The plan, which was first announced in August last year, could affect around 90,000 employees.

The scheme reported a surplus of £1.77bn on an IAS 19 accounting basis as of 31 March 2016, with assets of £7.44bn and liabilities of £5.67bn.

However, costs of running the scheme are expected to more than double in 2018, which is driving the desire to close the scheme to future accrual in order to cap costs.

The company estimates its contribution rate would increase from 17% of pensionable pay to over 50% by April 2018, costing more than £1bn each year. This is significantly more than the £290m cash that Royal Mail generated in the 2015/16 financial year.

The current proposal would see active members transferred into a new defined contribution (DC) scheme on 31 March 2018, and each granted a £750 one-off payment which could be put into the DC fund or taken as cash.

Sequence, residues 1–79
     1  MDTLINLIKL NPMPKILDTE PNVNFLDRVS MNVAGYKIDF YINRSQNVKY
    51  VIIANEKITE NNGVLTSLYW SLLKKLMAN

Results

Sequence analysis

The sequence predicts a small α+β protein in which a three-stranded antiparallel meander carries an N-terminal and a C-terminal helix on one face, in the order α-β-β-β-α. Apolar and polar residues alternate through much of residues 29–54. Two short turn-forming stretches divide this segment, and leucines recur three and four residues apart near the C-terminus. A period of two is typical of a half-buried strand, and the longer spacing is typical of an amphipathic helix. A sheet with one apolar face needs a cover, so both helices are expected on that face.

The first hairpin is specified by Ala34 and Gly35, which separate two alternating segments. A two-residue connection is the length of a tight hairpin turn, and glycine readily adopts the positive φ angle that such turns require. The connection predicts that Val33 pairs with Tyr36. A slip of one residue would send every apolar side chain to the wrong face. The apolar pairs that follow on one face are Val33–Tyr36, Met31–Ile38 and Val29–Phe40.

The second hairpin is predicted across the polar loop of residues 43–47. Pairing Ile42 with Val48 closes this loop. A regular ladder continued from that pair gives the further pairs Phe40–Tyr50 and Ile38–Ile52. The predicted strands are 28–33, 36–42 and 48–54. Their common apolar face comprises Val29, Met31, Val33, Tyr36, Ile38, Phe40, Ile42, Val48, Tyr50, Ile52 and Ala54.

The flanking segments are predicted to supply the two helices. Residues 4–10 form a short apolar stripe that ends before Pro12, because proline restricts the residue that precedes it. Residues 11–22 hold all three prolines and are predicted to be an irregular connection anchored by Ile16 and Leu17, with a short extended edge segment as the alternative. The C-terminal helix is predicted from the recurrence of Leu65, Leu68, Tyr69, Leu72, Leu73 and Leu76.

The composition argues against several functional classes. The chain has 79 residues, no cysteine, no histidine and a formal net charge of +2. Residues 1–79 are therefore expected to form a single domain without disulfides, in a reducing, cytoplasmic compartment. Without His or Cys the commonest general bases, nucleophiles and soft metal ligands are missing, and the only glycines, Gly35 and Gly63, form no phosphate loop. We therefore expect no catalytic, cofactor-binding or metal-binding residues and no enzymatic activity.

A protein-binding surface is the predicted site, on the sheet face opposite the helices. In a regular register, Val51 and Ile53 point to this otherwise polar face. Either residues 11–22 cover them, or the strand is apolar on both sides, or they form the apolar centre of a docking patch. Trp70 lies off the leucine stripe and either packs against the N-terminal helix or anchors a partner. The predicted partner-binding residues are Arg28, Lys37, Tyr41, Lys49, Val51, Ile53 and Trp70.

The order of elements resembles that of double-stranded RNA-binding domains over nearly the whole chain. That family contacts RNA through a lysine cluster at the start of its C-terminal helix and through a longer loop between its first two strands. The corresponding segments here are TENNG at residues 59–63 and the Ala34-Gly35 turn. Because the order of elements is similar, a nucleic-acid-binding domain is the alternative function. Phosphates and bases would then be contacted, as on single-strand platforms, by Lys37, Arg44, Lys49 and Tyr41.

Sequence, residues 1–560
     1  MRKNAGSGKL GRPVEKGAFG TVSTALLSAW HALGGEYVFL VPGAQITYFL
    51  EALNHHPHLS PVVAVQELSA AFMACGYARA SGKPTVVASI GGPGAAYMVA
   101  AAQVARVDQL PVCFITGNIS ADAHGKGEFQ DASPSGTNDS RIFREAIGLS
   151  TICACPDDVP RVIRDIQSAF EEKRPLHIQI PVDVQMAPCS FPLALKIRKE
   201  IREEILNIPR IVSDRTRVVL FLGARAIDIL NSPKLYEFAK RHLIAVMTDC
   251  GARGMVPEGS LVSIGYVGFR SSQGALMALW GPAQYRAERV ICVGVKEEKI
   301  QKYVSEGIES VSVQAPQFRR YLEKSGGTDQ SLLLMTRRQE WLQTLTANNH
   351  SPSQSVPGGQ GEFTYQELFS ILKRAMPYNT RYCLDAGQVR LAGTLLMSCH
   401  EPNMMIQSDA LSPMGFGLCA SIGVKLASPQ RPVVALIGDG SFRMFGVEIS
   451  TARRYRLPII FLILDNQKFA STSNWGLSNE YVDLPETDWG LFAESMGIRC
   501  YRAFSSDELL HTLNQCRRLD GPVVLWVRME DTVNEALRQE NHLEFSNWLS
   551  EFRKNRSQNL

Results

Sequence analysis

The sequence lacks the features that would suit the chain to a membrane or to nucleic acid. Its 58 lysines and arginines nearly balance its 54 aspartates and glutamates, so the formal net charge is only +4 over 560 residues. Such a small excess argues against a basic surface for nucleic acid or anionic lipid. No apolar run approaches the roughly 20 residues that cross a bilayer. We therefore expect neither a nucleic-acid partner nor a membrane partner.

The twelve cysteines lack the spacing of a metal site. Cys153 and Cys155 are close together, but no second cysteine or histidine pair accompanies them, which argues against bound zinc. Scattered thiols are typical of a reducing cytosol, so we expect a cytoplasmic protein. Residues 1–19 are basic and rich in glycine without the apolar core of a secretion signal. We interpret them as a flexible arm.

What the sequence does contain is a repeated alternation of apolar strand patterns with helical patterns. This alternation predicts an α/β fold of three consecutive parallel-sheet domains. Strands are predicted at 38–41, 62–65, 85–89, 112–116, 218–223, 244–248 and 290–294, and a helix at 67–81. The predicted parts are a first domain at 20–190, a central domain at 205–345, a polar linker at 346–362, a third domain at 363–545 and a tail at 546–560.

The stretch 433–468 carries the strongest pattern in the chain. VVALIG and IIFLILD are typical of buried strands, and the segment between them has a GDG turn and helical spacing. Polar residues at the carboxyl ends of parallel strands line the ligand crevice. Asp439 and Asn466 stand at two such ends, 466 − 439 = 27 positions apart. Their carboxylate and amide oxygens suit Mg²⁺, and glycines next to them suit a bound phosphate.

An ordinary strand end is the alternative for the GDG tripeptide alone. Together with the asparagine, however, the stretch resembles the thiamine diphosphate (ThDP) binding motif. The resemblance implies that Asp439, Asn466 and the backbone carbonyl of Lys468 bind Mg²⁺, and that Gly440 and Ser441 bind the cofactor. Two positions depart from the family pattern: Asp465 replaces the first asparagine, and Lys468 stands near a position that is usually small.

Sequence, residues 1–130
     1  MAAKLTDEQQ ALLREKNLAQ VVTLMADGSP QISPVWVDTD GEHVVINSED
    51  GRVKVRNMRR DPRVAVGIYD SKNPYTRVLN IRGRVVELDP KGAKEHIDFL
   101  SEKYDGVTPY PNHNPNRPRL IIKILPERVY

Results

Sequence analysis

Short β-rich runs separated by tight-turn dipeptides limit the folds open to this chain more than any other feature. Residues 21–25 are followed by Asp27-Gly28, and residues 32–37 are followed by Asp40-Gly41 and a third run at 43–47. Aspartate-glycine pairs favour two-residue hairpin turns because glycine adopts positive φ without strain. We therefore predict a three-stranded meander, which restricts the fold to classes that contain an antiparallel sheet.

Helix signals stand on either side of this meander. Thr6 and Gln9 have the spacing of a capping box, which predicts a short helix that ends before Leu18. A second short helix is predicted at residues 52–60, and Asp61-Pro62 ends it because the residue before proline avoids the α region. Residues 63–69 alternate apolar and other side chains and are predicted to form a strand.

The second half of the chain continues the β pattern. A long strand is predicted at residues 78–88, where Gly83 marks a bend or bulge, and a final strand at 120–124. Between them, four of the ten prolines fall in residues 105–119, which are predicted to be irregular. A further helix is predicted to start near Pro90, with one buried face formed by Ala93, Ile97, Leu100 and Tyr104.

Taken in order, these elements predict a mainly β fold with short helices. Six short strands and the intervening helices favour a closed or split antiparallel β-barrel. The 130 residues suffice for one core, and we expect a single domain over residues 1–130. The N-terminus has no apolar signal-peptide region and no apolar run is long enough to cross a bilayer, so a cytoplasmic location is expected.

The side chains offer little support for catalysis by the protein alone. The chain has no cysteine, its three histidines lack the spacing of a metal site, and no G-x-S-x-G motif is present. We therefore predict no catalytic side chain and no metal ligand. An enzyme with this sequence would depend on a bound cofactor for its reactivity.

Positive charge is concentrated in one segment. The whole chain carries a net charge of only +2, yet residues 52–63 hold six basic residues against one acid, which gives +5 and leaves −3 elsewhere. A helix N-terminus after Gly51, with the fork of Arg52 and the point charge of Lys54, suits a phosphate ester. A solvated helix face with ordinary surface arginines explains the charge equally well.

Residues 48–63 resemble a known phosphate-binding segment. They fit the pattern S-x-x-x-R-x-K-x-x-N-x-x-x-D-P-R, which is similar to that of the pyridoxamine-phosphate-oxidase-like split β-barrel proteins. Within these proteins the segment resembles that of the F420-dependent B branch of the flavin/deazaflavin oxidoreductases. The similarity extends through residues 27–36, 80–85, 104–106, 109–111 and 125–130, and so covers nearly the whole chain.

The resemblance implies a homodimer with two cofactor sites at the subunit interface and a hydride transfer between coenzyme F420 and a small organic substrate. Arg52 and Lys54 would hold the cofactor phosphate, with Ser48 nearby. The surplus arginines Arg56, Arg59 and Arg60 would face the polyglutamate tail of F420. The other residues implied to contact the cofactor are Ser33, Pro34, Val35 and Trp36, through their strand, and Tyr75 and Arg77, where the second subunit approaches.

The consultation will run in tandem with a 2018 pension review process involving Royal Mail and its unions, the Communication Workers Union (CWU) and the Communications Managers Association (CMA) branch of Unite.

Human resources director Jon Millidge said the proposal offered a fair solution which balanced member security and good quality benefits.

“We know how important pension benefits are to our people,” he said. “We are sorry that their current arrangements will soon not be affordable. “We believe our proposal would be a fair outcome; it is the best option available. It is a very competitive pension package compared to the industry and other large employers.

“It is about continuing to provide sustainable, good quality pension benefits and as many high quality jobs as possible. We will carefully consider all viable options put forward by members or their representatives.”

CWU deputy general secretary for postal Terry Pullinger said the union was prepared to take industrial action if the company acted against its members’ interests.

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